Voting behavior and political campaigns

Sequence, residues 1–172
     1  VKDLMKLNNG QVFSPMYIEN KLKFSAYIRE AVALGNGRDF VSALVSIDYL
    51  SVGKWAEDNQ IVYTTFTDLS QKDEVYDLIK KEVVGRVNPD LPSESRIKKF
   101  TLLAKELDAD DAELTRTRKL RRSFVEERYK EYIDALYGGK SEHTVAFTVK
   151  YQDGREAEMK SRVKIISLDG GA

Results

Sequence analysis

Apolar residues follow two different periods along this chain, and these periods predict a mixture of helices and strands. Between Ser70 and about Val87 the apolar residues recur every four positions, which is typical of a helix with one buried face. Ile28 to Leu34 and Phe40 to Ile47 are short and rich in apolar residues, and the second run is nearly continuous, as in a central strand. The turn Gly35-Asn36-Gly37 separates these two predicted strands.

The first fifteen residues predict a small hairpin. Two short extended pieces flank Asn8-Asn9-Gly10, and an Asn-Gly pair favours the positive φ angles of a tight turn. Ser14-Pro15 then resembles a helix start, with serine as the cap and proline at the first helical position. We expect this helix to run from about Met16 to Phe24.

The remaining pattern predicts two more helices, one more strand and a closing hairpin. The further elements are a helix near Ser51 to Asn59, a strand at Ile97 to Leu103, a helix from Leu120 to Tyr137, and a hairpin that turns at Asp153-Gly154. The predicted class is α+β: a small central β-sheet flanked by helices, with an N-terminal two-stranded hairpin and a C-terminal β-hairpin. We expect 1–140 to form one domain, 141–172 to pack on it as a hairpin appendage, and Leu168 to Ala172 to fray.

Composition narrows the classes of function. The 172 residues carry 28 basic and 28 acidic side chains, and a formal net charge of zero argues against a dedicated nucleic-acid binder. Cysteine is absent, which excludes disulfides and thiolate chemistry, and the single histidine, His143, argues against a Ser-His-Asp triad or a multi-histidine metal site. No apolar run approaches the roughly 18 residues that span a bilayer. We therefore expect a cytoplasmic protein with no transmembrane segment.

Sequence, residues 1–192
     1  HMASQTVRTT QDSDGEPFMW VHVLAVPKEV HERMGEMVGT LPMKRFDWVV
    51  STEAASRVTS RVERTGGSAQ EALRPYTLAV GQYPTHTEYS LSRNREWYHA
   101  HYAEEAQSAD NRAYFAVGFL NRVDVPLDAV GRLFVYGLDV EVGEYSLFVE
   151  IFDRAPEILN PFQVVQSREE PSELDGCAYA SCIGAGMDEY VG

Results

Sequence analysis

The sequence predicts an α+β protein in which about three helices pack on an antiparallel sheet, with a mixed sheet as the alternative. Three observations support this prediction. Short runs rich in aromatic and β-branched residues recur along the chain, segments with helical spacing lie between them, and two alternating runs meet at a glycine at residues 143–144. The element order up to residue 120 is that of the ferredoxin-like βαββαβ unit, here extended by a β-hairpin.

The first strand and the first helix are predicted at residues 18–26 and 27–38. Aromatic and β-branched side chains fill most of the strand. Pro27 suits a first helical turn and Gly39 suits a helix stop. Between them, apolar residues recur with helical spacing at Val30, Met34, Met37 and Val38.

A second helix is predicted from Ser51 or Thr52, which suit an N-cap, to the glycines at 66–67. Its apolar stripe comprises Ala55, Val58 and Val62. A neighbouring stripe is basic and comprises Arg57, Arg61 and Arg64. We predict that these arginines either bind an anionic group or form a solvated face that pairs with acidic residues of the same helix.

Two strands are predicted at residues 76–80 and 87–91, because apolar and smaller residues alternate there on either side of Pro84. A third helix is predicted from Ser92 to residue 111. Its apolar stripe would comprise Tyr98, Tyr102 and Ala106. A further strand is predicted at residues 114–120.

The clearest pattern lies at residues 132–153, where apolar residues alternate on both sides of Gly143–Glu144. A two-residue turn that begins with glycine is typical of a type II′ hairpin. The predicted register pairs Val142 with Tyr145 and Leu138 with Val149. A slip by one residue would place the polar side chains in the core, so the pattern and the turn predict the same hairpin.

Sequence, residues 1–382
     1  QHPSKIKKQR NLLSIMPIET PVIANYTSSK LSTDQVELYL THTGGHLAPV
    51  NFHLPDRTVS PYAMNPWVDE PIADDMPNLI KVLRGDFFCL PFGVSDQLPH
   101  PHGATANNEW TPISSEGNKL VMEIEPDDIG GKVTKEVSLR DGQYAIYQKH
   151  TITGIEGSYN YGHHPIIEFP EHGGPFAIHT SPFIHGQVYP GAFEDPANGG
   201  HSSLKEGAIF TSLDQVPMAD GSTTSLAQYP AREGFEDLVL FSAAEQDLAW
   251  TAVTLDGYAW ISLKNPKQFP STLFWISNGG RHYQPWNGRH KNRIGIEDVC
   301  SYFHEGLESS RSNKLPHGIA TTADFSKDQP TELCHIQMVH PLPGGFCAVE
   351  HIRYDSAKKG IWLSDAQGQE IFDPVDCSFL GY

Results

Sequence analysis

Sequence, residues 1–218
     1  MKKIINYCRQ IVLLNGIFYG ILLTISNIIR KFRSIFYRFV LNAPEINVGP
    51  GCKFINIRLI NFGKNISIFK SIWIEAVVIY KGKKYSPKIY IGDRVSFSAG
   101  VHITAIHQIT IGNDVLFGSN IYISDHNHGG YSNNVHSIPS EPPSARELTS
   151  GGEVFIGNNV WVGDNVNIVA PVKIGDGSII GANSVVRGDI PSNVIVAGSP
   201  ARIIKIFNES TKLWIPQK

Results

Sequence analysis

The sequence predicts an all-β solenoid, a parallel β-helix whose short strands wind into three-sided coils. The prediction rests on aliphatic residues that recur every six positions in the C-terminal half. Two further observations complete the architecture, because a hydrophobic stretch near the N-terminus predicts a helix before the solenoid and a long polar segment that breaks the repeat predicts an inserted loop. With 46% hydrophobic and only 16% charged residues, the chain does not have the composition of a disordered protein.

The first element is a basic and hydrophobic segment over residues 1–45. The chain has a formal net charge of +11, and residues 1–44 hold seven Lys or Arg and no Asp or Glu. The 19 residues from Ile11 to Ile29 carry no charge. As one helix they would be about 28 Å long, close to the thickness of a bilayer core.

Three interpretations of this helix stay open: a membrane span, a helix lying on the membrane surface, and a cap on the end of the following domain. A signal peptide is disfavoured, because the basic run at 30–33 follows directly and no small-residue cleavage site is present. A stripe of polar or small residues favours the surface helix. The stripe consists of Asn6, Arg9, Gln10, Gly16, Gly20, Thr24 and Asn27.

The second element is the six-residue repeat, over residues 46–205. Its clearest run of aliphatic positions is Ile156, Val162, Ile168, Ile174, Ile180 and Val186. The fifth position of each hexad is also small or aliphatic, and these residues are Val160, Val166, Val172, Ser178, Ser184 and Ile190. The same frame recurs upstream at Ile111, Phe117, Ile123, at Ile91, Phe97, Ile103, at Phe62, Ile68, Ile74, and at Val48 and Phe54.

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This dissertation tries to answer whether electoral campaigning can affect voting behavior. I estimate the effects of the two marketing skills, canvassing and network marketing, on voters by using two datasets from the United Kingdom and Taiwan, and a multinomial probit model, which scholars usually apply to consumers' behavior. However, because there are various social interactions among voters, a direct application of a multinomial probit model on voting behavior will cause a biased estimation. Hence, in the first part, I examine different kinds of social interactions among voters, and propose a method to deal with these effects. By this method, I find that 5.23 percent of the voters in England did not vote for their most preferred candidates because of their expectations on other voters' behavior. In the second part, after properly controlling the social interactions, I estimate the effects of different types of canvassing on the voters in England. I found that doorstep canvassing done by challengers can affect voters, while that done by incumbents has no significant effect on voting behavior. The difference between incumbents and challengers suggests that canvassing affects voters by offering them new information, so incumbents' canvassing has no effect because voters have known incumbents well. Moreover, telephone canvassing has no significant effect on voting regardless of who does this. This implies that only the information channeled by doorstep canvassing is crucial in household voting decisions. In the third part, I examine the effect of a special marketing skill used by political machines in Taiwan: network marketing. I find that candidates from machines have a great capacity for mobilizing voters' ward or village heads, which are typically opinion leaders in voters' communities. I also find that the solicitation of voters' ward or village heads can affect voters' behavior. Again, the solicitation for a challenger is more powerful than that for an incumbent. It implies that the solicitation is also an information channel. Yet, the solicitation for an incumbent can still affect voters, which is not like the case of canvassing in England.
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